It’s easy to see why Azniv Korkejian chose the stage name Bedouine. Born in Aleppo, Syria, to Armenian parents, her childhood took her first to Saudi Arabia, before eventually moving to America at the age of ten. In the States Korkejian kept on the move; living in Boston and Houston, before settling in Los Angeles where she would eventually establish herself as a sound editor – her credits including the television show Catfish, and film The Big Sick.
But it was in music that her passion lay, and having long fitted her songwriting and singing around her dayjob, she finally elected to commit to her music in 2016. It was a brave move, but one that has undoubtedly paid off. The ripples she caused through the music press with her self-titled debut in 2017, have evolved into full-on waves with her latest album Bird Songs of a Killjoy.
This September she returns to Southbank Centre – following a hugely successful Purcell Room gig in March – backed by her Spacebomb Band, and ahead of that gig we caught up with Korkejian to discuss the relative new experiences of performing and touring, and that decision to make a go for it as a singer.
You had a nomadic early life - as reflected in your stage name - have you always been musical? Was it always possible to be?
Music was definitely baked into my childhood. My mom had me playing piano at age five, and I joined band to play the trumpet at age nine. My dad also sang and played the jumbush around the house when I was growing up. Leaving Saudi Arabia gave me a reason to distance myself from the piano, which was a little too regimented for me. That may have been why I turned to guitar without formal training. It’s also portable in a way the piano was not.
Until two years ago you had a well established day job as a sound and music editor - what prompted you to take the leap into performing your own music full-time?
It was an intimidating but very gradual transition. I had finally worked my way into music editing full-time when I started the conversation with a record label, though I didn’t quite want to give up the footing I had just established so soon after I started freelancing. I was finishing a film just as things were picking up with my record so it seemed like a good time to stop hustling on the editing side of things. We were really fortunate to get some good opening offers on the table and eventually touring just kind of took over.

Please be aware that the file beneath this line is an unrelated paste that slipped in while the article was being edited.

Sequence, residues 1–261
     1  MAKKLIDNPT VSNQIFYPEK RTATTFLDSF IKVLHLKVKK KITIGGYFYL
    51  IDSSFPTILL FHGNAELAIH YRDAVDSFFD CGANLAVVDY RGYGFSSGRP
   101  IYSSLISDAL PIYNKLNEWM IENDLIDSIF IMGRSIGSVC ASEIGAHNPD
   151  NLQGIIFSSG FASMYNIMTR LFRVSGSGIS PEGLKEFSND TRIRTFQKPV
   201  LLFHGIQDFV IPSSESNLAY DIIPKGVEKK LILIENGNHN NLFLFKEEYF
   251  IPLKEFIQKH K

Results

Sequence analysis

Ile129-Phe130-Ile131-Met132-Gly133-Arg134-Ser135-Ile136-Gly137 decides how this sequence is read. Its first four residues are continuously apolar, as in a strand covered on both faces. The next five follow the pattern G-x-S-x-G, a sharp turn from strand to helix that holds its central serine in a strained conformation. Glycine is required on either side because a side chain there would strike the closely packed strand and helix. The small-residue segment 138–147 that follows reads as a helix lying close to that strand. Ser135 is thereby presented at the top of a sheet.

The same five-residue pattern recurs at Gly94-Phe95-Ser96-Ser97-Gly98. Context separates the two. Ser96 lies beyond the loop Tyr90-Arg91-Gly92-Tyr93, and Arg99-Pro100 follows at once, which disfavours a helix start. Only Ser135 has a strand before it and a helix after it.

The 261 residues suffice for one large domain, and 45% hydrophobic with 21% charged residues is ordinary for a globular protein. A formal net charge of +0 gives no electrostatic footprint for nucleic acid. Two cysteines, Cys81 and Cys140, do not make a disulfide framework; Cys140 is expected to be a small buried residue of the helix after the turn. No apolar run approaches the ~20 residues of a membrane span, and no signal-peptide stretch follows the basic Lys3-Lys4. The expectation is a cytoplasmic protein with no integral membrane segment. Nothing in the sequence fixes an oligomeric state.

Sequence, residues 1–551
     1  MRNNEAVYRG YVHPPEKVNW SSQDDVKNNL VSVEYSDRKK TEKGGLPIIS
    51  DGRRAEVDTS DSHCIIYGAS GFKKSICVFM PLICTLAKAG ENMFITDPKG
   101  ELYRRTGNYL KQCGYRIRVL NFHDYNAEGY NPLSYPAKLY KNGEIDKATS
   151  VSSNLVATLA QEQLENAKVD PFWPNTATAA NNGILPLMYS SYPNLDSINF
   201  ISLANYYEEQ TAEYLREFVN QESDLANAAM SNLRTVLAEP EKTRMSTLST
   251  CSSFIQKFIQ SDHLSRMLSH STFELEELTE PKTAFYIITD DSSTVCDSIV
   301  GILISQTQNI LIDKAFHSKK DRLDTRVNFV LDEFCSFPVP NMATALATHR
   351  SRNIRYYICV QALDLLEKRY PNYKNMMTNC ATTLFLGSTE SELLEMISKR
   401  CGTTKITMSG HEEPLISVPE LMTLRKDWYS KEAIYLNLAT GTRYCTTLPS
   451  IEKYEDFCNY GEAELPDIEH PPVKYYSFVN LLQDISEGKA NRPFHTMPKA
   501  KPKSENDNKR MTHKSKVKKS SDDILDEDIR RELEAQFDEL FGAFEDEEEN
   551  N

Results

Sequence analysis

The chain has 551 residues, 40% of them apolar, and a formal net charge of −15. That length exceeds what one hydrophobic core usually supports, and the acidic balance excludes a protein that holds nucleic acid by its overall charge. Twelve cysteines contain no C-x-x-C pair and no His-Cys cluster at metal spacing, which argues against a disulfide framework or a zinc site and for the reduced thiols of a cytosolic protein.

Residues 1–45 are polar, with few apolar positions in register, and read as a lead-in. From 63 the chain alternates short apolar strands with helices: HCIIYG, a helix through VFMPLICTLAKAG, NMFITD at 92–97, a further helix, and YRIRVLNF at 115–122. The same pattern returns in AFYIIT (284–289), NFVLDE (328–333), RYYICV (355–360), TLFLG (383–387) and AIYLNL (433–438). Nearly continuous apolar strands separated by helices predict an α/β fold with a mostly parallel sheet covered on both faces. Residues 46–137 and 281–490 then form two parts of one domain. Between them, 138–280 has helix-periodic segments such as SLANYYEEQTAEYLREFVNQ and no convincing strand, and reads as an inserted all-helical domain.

Touring and performing to large crowds is still a relatively new world to you, so how does it feel hearing your music on the radio, and seeing fans singing along to your songs at gigs?
It’s still super dreamy. It’s rare that I catch my song on the radio so when I do it’s definitely a treat. Seeing anyone sing along to my songs is surreal too. I avoid harbouring expectations about how familiar people are with the records when I play live so it still catches me by surprise.
Do you think breaking out in your early thirties, as you have done, means you grab the chance to perform more appreciatively than you may have done say a decade ago?
There are pros and cons to that. I’m grateful that I’ve had time to develop as a person and I think that’s contributed greatly to my voice. What I may have lost is the stamina and detachment that came with my twenties, whereas now I take comfort in being grounded at home. The former is definitely more conducive to touring.
Your sound has earned some interesting descriptions – ‘SoCal canyon folk’, ‘magnetic and intimate’, ‘timeless declaration of self reliance’ – to quote but a few. How would you describe it?
I tend to borrow from genres to make for an efficient translation. Like ‘inspired by 60s folk, hints of bossa nova, homages to country funk.’ I’m fascinated when people make comparisons to actual people because I’m just too close to it to know for sure.
Your schedule these days is pretty much non-stop, taking you across North America and Europe this summer and autumn; do you enjoy touring? Do you get to see much of the places you visit?
I can really dig touring but the thing is everything has to go just right. There really is no buffer for a spanner to be thrown into the works. For instance, the last time I was in London my phone and wallet were stolen and it was the beginning of a short run. Just telling the time was an obstacle. I had no way of replacing anything because I constantly had to catch a train or plane. With that said, when things go smoothly it can be euphoric to be on the move like that.
Your gig in our Purcell Room in March was a huge success, selling out really quickly, how does it feel to be back at Southbank Centre and playing Queen Elizabeth Hall?
It’s definitely a leap for me but I couldn’t think of a better place to make it. It’s such a beautiful room and one truly meant for listening comfortably and soaking up the performance like a sponge. I love to see people in the crowd at ease.
What can audiences look forward to from this performance? What do you hope they’ll take from it?
I’m happy to say it will be my first full band show in London. I like playing solo as well but having a band allows me to paint a fuller picture, even if there are still many subtleties at play. I may have some surprises in store too.
And lastly, once this tour has wrapped up, what’s next for you?
I don’t think I’ll be off the hook quite yet. There are still some exciting things in the works that have yet to be announced.